- Thoughts on GME and This Week in the Stock Market
- Record Home Price Levels Point to Strength in Post-Pandemic Economy
- The Stock Market Looks Overvalued, but It's Probably Not
- China GDP Growth Surpasses Expectations
- President-elect Joe Biden Introduces His "American Rescue Plan"
- Political Polarization Intensifies with Another Impeachment Along Party Lines
- Metal Demand Has a Bright Future in 2021 and Beyond
- What Happened to That US-China Trade Dispute?
- Civil Unrest, A Rising Threat to the 2021 Economy
- What's in the $900 Billion Relief Plan?
- Long Term Employment Shifts Caused by the Pandemic
- Earnings Provide Positive Surprise Despite Pandemic
- Renewable Energy Under Fire in Texas
- Yellen Aims for Full Employment
- Minimum Wage Research in the Spotlight as a Hike Looks Inevitable
- Non-Residential Construction Soft in the Pandemic Economy
- Views on Interest Rates and the Move in Treasury Yields
- Inflation Indicators Healthy but Still on the Rise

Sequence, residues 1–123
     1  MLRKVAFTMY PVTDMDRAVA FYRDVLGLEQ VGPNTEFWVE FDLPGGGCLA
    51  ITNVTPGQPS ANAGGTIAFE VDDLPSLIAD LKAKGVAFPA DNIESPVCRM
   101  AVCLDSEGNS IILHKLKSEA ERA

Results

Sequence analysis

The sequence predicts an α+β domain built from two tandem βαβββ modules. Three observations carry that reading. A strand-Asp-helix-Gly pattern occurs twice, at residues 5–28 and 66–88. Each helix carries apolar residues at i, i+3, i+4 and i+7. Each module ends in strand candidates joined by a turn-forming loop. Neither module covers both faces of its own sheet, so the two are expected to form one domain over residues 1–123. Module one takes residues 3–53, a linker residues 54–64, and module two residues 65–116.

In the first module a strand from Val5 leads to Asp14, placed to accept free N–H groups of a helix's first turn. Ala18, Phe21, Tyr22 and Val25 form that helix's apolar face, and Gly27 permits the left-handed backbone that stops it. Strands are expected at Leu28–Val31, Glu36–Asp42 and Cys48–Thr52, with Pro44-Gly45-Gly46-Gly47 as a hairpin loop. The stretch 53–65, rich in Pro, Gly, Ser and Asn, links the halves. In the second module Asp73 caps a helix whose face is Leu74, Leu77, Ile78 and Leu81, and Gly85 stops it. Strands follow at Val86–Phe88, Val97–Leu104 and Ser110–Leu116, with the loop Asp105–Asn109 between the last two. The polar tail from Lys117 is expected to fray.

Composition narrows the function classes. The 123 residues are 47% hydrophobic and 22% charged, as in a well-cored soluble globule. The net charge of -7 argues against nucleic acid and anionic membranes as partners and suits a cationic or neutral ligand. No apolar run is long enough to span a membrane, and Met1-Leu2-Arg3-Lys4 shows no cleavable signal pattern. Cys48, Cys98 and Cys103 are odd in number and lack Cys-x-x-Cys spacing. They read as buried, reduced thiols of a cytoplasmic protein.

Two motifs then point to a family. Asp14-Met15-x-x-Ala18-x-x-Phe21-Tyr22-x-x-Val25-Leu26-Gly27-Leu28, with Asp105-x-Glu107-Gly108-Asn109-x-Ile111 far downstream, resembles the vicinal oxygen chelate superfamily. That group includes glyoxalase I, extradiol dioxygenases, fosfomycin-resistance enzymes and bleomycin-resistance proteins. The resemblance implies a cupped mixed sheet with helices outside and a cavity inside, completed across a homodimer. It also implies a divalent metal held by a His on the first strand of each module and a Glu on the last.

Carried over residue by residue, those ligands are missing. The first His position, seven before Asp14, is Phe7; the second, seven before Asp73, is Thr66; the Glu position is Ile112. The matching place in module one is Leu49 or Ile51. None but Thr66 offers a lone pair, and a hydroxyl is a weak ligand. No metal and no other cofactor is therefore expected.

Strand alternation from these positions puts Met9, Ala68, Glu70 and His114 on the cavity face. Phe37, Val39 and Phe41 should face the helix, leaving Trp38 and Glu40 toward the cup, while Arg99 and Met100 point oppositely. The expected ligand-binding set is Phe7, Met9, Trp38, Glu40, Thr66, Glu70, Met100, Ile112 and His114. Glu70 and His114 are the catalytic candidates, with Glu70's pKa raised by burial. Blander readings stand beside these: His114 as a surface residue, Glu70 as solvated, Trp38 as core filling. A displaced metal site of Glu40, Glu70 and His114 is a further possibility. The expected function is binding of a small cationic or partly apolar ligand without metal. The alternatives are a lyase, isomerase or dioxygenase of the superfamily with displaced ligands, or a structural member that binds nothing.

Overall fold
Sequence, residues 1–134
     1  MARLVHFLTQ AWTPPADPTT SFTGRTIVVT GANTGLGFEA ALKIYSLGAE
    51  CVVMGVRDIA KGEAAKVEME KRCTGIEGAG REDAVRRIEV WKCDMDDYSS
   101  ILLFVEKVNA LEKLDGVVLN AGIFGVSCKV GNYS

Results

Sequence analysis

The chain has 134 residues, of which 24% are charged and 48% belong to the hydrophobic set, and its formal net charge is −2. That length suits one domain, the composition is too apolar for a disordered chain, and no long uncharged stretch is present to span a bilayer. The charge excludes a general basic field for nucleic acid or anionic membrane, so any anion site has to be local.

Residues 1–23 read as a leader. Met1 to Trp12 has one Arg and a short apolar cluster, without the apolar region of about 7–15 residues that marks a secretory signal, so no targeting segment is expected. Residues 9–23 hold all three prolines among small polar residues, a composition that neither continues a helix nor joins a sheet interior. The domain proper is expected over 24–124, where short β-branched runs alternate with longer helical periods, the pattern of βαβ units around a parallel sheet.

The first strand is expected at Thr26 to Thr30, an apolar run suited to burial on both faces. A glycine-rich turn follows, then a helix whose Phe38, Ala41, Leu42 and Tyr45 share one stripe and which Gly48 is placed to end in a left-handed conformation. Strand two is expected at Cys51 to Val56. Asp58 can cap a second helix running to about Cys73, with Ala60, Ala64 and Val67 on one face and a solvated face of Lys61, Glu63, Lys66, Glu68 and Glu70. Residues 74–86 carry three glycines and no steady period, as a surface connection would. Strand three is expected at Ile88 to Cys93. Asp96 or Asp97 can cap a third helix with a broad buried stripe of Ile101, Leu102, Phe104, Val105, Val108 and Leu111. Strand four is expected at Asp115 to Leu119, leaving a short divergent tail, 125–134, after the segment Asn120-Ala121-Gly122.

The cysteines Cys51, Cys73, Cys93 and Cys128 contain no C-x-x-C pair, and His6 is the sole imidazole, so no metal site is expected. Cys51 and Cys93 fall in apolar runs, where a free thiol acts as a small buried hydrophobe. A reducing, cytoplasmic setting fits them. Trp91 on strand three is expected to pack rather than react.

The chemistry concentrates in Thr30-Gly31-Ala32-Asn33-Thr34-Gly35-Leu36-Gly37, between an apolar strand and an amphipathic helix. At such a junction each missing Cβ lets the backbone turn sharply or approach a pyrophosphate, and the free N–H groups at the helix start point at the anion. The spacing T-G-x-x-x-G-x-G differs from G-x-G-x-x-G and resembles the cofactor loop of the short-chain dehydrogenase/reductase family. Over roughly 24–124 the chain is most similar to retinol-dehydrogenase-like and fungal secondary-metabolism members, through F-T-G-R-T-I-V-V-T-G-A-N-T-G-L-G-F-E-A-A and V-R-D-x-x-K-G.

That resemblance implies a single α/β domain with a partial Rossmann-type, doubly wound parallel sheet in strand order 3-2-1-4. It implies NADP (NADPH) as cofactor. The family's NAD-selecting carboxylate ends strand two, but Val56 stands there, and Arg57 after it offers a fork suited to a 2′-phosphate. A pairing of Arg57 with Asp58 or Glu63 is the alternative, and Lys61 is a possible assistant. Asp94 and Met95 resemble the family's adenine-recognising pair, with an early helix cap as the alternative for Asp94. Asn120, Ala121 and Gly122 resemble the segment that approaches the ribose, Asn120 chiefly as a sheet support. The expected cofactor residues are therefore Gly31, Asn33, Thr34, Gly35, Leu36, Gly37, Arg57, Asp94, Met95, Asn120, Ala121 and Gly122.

- Risky Assets Sell-off Despite Optimistic Economic Outlook
- The Latest on Vaccinations and What it Means for Growth
- Highlights of the Fed's "Economic Well-Being of U.S. Households in 2020" Report
- Relative Factors and Forward Change in Federal Funds Rate
- Can Wage Growth Keep Up With Inflation?
- With That, We Carry On
- Supply Pressures Looking to Peak
- Cars are Still Expensive, Workers are Still Needed
- Recovery Continues, but Delta Looms
- Fed Eyes Tapering While China Sees a Setback
- Review the Fed Previews
- No Tapering Yet
- Labor Day on Labor Day
- Delayed or Disappearing Growth?
- Supply and Demand Mismatch will be Evident during the Holiday Shopping Season